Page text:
Inheritance: A Memoir of Genealogy, Paternity and Love

I read Dani Shapiro’s latest book about her discovery that her father was not her biological father. Through the Ancestry.com DNA testing, she found out that she was not 100% Ashkenazi Jew as she thought. Her father turned out to be a sperm donor. She tells the story of how she found her biological father and why her parents kept it a secret.

This book appealed to me because I am adopted and am looking into my DNA ancestry recently. I can relate to much of what she goes through, although my story differs significantly. My adopted parents always told me I was adopted. My biological father was not a sperm donor in an institutional setting. Like Shapiro, I made contact with a biological parent and like her, I see the affects of heredity versus the setting and manner of my childhood.

She writes, “…felt, to me, like my native country. I had never lived in this country. I had never spoken its language of become steeped in its customs. I had no passport or record of citizenship. Still, I had been shaped by my country of origin all of my life,”

Discovering my half of my biological family was similar. It helped me understand why I was different in temperament than the rest of my family. I am an extrovert, quick to laugh, and abhor routines, while they were quiet and loved routines. It was quite a shock to the author. Many of her books are memoirs and focus on her growing up and I think she found out why. She is blond and looks “WASPY” while being raised in a Jewish family. Her mother sounded mentally ill and the experience had a big impact on her. At least from what I can perceive, I am not as traumatized from the experience as her.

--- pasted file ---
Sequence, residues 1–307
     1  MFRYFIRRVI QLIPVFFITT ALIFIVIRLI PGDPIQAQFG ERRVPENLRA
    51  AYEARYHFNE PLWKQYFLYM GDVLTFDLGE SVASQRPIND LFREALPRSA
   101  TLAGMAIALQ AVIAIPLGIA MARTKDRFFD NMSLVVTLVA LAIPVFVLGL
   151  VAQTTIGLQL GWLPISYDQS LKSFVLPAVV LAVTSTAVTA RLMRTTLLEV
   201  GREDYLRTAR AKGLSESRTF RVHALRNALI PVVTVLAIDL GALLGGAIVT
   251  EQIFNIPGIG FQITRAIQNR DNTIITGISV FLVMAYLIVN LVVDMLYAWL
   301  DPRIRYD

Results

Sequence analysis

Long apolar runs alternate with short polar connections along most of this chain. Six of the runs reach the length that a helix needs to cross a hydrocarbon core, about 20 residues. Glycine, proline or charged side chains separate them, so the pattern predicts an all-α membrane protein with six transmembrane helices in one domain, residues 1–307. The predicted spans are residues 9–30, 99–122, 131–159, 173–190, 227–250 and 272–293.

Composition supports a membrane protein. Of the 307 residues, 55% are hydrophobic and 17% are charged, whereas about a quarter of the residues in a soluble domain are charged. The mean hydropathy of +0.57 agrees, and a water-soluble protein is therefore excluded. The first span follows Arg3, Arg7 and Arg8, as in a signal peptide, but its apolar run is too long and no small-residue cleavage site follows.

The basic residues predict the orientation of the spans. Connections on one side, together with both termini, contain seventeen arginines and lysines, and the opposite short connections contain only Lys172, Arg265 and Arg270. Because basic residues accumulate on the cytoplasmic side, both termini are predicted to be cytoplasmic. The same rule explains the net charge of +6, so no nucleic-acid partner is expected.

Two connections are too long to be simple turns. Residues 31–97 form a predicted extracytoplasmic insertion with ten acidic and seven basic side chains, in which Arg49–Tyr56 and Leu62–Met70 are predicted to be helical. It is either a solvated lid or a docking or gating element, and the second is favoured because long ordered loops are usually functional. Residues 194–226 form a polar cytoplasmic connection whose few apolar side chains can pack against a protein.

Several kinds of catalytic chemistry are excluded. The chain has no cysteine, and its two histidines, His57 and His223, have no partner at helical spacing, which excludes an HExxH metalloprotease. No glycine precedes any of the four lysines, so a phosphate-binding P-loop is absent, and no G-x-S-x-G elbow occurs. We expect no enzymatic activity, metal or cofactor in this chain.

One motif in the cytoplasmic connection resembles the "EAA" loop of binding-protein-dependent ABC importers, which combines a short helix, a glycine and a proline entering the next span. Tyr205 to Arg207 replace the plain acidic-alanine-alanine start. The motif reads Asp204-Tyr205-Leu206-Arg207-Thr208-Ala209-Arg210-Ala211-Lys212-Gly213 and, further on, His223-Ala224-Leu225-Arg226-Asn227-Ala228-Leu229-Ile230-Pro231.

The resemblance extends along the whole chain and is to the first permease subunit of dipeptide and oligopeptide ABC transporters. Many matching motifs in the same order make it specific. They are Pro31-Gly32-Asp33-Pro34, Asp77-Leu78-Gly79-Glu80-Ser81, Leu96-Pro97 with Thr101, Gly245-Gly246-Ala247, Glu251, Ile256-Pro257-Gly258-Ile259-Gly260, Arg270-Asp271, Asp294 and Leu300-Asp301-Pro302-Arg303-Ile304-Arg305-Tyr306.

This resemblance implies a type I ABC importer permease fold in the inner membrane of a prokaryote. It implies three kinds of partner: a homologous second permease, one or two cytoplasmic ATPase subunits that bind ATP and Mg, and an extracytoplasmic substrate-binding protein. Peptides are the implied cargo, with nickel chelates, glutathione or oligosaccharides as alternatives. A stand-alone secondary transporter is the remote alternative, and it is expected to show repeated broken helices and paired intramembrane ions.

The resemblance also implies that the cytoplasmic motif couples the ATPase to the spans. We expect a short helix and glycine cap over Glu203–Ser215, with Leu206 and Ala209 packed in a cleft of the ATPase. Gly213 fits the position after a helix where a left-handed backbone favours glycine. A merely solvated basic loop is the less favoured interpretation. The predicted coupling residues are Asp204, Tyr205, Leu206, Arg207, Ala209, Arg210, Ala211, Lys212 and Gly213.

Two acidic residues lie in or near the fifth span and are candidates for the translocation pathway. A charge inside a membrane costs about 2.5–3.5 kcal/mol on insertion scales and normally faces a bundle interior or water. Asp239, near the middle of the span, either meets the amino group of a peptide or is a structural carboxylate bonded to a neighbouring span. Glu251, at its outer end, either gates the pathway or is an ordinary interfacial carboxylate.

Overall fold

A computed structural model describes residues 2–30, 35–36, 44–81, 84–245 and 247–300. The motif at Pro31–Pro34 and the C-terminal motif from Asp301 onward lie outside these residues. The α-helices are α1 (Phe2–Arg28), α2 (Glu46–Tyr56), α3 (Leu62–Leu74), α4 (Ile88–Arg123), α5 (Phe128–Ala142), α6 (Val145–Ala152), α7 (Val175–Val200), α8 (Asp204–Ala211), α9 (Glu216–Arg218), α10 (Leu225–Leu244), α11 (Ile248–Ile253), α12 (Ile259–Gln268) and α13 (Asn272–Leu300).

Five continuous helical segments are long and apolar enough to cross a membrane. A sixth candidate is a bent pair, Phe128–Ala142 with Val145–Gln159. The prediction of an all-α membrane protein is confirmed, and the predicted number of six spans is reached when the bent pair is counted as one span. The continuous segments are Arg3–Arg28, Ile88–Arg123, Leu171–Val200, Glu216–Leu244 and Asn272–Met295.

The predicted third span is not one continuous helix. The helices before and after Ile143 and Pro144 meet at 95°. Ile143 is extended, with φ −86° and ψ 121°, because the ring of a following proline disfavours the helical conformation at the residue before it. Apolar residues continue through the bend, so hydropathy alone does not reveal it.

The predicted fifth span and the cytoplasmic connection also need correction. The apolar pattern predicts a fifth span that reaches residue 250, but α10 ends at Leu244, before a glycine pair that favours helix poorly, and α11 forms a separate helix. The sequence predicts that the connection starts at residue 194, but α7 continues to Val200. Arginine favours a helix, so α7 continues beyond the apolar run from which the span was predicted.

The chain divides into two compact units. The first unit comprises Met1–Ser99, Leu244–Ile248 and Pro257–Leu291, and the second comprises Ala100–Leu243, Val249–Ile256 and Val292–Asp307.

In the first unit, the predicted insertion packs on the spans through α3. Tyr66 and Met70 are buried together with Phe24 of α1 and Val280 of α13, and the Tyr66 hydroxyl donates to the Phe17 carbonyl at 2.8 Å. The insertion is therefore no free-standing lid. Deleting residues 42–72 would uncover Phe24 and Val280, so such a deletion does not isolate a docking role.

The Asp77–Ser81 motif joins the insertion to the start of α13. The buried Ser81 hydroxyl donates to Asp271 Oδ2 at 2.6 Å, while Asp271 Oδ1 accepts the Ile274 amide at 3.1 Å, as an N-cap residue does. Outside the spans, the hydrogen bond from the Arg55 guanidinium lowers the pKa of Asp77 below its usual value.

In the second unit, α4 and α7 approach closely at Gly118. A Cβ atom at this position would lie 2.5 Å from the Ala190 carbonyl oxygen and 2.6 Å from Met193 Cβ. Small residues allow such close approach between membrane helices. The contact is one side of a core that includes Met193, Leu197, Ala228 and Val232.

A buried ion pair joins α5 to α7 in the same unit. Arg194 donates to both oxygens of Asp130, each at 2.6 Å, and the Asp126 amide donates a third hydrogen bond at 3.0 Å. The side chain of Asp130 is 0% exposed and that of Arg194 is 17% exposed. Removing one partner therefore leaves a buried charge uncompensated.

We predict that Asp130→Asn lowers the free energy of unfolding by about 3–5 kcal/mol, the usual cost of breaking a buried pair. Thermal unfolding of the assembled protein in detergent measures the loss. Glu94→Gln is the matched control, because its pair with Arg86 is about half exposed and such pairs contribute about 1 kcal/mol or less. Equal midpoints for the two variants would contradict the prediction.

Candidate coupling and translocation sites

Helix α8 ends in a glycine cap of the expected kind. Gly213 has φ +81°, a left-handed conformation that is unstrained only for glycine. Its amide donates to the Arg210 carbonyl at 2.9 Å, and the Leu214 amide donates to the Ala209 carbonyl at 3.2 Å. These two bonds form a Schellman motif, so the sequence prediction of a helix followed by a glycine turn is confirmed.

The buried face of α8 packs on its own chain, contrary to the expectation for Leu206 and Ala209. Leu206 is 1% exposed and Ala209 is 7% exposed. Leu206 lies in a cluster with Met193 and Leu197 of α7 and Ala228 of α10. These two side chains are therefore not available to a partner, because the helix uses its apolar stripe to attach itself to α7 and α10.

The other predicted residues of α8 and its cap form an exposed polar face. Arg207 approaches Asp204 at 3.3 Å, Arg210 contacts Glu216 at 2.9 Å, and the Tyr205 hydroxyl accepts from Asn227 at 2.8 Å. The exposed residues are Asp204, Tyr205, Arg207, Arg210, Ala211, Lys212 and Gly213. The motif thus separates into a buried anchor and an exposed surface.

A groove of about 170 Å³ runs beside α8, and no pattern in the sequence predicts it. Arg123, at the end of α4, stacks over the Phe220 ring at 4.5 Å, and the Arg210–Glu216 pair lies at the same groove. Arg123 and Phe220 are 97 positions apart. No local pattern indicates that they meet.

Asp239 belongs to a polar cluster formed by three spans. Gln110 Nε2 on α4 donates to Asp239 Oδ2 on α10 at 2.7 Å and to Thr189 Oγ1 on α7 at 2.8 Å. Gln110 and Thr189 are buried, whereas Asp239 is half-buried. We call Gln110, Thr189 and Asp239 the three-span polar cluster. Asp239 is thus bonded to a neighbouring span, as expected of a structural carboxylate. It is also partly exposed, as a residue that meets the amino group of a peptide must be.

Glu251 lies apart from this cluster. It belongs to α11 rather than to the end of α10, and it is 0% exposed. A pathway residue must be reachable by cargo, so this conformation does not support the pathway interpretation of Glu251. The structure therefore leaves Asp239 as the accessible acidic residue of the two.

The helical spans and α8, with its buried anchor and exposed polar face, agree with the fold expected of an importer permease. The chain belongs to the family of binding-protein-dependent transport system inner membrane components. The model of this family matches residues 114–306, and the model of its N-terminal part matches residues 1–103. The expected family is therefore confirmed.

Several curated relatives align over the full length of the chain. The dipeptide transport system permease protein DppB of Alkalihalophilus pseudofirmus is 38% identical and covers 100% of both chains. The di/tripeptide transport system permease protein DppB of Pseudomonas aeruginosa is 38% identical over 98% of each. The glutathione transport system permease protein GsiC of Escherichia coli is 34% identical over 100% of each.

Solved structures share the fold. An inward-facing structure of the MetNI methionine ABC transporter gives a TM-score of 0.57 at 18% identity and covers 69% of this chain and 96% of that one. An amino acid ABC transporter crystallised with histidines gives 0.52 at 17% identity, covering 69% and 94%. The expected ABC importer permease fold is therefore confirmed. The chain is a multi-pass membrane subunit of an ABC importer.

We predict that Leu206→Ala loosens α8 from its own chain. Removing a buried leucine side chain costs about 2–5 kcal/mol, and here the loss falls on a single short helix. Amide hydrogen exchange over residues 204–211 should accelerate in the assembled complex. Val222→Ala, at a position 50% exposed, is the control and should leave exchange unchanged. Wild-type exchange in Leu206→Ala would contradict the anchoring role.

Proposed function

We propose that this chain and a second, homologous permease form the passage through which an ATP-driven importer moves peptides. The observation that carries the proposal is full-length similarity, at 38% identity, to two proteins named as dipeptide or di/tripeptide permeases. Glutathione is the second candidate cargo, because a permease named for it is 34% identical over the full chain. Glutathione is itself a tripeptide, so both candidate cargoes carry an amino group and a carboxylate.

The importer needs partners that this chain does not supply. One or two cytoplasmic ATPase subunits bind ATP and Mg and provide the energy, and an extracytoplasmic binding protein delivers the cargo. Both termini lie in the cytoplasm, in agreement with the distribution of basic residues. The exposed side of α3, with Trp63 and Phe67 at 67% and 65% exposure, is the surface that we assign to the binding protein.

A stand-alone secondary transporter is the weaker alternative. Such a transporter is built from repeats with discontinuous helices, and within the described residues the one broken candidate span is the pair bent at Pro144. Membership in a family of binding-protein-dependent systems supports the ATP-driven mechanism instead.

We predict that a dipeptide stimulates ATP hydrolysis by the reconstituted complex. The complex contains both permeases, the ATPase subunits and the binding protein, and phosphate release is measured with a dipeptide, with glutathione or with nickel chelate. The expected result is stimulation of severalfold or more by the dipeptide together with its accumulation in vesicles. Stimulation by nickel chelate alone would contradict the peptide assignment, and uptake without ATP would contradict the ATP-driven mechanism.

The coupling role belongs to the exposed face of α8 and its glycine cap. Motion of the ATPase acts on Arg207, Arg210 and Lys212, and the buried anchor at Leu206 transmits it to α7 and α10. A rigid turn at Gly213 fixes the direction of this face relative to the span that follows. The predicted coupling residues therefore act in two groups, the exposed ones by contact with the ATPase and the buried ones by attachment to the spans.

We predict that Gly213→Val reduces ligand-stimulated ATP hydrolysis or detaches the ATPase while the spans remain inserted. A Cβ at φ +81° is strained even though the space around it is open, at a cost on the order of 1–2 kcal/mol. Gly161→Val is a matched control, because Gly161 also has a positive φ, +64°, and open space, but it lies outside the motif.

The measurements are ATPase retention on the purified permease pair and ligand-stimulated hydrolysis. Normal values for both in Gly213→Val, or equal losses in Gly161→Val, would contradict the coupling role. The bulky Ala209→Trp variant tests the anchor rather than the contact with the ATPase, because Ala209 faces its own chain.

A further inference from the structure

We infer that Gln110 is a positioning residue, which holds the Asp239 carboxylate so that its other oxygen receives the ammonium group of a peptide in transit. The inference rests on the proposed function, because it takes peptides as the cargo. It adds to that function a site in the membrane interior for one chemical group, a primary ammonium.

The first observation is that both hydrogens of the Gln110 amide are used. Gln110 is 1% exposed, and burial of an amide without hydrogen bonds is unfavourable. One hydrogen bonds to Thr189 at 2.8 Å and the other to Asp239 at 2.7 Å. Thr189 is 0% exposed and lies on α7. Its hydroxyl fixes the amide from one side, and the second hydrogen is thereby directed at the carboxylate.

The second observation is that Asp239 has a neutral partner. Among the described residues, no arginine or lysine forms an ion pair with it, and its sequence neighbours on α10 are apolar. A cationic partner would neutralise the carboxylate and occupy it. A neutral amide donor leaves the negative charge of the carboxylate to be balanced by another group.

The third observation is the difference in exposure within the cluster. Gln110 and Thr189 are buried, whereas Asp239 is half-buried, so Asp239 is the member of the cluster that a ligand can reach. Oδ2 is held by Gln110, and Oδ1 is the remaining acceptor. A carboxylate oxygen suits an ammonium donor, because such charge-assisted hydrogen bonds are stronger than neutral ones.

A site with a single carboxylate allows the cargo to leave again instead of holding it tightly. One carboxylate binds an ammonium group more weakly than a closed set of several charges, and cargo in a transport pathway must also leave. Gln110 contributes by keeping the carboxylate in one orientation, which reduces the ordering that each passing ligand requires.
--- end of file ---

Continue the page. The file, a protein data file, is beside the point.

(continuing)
As Shapiro experienced, finding your biological family later in life is such a good experience. It has helped me learn my complete story. I feel sorry for children of anonymous sperm donors who may never find their father. Although, with advances in genetic testing, that will be changing. As more people get tested, the database will eventually match donors with their offspring. Most donors didn’t think the technology would be able to do this so quickly.

The story also made me think about shame. Shapiro’s parents were ashamed that they were not able to have children and had to resort to a shady or unorthodox clinic to conceive. Eventually, the truth was discovered by their daughter. It would be easy for her to judge them, especially looking back at the past from the world of today. However, I felt in her book, she tries to understand them. We are all human and make mistakes. I’ve made my share of them and Shapiro probably has too. I like how she is going forward with her relationship with her biological father and his family. It also must be embarrassing for him to be discovered by an child from a sperm donor clinic. He handles it with dignity and focuses on the most important thing, the relationship he can have with a daughter.

It was an uplifting book and gave me perspective on my own life.

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